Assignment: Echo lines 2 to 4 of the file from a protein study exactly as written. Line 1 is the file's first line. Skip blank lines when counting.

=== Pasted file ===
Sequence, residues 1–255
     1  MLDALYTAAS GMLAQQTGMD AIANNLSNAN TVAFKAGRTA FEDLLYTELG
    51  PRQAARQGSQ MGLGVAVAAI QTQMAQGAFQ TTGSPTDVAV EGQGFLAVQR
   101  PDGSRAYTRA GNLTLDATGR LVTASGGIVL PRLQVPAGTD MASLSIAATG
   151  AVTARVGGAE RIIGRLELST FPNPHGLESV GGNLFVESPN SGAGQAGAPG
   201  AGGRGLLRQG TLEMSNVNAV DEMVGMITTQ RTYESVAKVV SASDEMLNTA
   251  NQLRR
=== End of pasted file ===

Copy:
     1  MLDALYTAAS GMLAQQTGMD AIANNLSNAN TVAFKAGRTA FEDLLYTELG
    51  PRQAARQGSQ MGLGVAVAAI QTQMAQGAFQ TTGSPTDVAV EGQGFLAVQR
   101  PDGSRAYTRA GNLTLDATGR LVTASGGIVL PRLQVPAGTD MASLSIAATG